The New MRSA – Acinetobacter Baumannii ?

The New MRSA – Acinetobacter Baumannii ?

The New MRSA! The title of this article published in Medscape  peaked my interest. Gosh what’s next I thought;  healthcare workers have enough to deal with as we negotiate the myriad of conditions, diseases and infection control obligations in our healthcare settings  whilst having the aim of  caring, protecting and  supporting our patients and clients. What is Acinetobacter Baumannii and why the title The new MRSA?
Alasdair Barrie has written a really interesting article which in part identifies the following:

‘Acinetobacter is a pleomorphic aerobic gram-negative bacillus, increasingly found in hospitalized patients. Isolates from patients usually reflect colonization as opposed to infection. However, when the organism is pathogenic, it can be multidrug resistant and therefore difficult to treat.

  • Acinetobacter infections rarely occur outside of health care settings but may occur in tropical environments, wars, and natural disasters. Its natural environment includes water and soil.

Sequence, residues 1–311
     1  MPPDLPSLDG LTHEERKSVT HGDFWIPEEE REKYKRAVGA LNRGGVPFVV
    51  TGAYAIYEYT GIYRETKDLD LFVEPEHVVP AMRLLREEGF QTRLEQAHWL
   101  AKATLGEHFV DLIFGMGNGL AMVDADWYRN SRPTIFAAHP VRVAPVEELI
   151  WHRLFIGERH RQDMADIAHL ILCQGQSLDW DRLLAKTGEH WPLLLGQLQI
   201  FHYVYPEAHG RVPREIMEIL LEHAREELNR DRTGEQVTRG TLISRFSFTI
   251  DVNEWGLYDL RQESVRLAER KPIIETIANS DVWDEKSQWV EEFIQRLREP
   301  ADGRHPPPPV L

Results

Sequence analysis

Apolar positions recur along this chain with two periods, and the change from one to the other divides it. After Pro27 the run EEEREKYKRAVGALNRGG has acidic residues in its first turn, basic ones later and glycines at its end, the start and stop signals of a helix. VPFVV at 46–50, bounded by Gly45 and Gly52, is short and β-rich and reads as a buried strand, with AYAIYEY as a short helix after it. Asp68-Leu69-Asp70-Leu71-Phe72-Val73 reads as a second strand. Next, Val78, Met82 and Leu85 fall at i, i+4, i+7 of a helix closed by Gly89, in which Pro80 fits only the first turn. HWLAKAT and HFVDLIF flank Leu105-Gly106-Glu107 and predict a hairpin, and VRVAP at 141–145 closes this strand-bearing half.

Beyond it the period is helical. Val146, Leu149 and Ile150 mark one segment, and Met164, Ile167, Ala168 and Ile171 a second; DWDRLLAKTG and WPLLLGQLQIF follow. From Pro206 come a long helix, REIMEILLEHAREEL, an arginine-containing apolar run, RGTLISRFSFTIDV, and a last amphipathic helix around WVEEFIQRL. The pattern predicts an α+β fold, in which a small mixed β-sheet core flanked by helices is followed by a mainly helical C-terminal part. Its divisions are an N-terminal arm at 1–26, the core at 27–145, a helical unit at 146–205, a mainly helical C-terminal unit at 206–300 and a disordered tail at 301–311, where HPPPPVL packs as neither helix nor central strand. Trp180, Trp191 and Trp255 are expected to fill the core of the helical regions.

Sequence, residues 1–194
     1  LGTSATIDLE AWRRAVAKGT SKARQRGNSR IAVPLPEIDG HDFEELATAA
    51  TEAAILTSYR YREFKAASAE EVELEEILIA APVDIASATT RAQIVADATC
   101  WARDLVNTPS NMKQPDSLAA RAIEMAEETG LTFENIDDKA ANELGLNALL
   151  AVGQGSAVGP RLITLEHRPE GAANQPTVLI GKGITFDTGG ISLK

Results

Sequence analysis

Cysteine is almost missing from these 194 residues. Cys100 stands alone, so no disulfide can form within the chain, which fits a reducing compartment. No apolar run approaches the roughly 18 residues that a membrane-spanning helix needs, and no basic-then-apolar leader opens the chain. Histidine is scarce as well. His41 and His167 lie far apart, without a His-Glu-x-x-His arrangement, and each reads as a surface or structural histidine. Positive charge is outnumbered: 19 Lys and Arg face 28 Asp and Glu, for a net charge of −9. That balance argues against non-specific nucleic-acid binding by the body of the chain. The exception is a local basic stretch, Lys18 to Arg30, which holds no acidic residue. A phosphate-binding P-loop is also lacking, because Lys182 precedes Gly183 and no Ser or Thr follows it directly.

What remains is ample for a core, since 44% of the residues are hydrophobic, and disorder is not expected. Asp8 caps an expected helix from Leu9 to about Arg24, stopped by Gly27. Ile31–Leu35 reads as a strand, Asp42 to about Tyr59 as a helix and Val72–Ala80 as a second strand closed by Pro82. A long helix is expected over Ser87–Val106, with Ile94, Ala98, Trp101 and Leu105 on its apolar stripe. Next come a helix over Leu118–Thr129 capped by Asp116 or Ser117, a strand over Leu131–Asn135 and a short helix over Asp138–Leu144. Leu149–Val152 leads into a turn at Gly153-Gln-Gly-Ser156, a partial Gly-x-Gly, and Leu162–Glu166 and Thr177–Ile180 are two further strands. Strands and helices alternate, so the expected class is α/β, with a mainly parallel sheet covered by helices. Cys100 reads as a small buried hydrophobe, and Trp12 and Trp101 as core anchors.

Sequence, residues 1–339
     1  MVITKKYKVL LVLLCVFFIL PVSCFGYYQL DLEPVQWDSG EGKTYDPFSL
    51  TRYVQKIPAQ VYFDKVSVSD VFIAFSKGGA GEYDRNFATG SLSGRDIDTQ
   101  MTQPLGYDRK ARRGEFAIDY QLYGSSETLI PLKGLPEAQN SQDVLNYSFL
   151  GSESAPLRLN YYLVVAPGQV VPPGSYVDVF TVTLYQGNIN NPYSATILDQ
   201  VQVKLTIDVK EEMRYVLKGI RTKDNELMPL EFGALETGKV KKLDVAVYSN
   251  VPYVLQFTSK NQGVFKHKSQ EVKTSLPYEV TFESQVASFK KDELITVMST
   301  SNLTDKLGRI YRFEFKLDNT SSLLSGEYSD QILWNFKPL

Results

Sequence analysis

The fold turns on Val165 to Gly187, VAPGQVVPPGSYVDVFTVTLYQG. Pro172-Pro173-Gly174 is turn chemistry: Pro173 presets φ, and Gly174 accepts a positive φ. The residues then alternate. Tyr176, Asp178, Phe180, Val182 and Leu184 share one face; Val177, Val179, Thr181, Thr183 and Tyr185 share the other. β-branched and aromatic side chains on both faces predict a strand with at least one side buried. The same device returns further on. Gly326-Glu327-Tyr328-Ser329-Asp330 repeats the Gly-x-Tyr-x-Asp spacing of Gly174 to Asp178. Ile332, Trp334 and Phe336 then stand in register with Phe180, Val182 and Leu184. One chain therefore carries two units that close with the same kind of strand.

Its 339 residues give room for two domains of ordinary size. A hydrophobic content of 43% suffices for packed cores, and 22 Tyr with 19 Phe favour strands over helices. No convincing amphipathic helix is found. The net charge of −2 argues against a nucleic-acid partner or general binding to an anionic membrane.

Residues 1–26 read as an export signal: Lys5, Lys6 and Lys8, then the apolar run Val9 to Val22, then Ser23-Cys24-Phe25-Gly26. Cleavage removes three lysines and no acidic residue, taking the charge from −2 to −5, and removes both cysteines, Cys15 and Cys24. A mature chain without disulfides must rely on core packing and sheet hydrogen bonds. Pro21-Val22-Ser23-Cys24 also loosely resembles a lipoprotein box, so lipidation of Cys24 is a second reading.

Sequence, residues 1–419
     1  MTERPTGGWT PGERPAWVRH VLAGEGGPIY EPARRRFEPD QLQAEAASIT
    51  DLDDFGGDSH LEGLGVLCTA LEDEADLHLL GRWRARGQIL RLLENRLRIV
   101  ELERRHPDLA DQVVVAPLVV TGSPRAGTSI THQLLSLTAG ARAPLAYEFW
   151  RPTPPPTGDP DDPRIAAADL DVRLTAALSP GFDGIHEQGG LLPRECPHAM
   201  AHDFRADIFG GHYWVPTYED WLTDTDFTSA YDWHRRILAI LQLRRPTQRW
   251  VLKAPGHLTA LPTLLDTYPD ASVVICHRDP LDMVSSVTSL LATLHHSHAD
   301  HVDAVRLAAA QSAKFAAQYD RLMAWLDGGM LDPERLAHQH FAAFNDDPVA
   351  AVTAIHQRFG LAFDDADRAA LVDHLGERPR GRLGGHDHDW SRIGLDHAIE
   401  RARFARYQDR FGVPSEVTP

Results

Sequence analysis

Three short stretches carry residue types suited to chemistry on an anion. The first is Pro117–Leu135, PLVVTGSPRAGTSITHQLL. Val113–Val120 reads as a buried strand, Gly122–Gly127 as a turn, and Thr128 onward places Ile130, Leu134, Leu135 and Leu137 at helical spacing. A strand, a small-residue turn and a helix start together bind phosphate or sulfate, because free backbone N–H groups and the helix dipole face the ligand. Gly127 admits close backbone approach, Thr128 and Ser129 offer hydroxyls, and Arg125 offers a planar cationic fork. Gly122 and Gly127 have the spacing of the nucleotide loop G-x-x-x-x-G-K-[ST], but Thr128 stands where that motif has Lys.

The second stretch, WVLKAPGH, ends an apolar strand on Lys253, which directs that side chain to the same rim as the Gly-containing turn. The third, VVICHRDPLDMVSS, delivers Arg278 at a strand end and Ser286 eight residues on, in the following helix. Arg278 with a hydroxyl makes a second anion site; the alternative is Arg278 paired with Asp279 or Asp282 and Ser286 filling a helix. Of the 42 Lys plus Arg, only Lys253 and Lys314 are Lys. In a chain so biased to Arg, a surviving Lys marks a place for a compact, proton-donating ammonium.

• In the hospital setting, it is most commonly found on the intensive care unit and burns units. In human populations, it colonizes the respiratory and gastrointestinal tracts, skin, and wounds. Some strains can survive in iron-deficient and dry environments for months, leading to the increased risk of fomite contamination.
  • It is estimated to be the cause of 2% to 10% of all gram-negative infections in intensive care units in both the United States and Europe. Acinetobacter has low virulence but can cause infection in those who are immunocompromised, have chronic disease, have surgical wounds, or have prolonged hospital admissions.
  • Infections caused by Acinetobacter can include bacteremia, hospital-acquired pneumonia, meningitis, and urinary tract infections.
  • It can contaminate traumatic and surgical wounds, causing soft-tissue infection and osteomyelitis.
  • Infections from Acinetobacter baumannii are renowned for being difficult to treat due to its antimicrobial resistance.
  • .The species also form biofilms to adhere to environmental surfaces
  • Those proven to be colonized with Acinetobacter should be isolated and appropriate infection control measure put in place. Supportive care includes removing or replacing any lines, catheters or drains
  • Most infections, until recently, were sensitive to the carbapenems, but cases of resistance have been increasing. Multidrug-resistant Acinetobacter is commonly susceptible to antiseptic and disinfectants. ‘

The Nurses for Nurses Network provides great information and CPD in a range  of easy learning ways on the  latest information that Nurses need to know – remember the Nurses for Nurses Network was created by Australian Nurses for Nurses !

Leave a Reply

Your email address will not be published. Required fields are marked *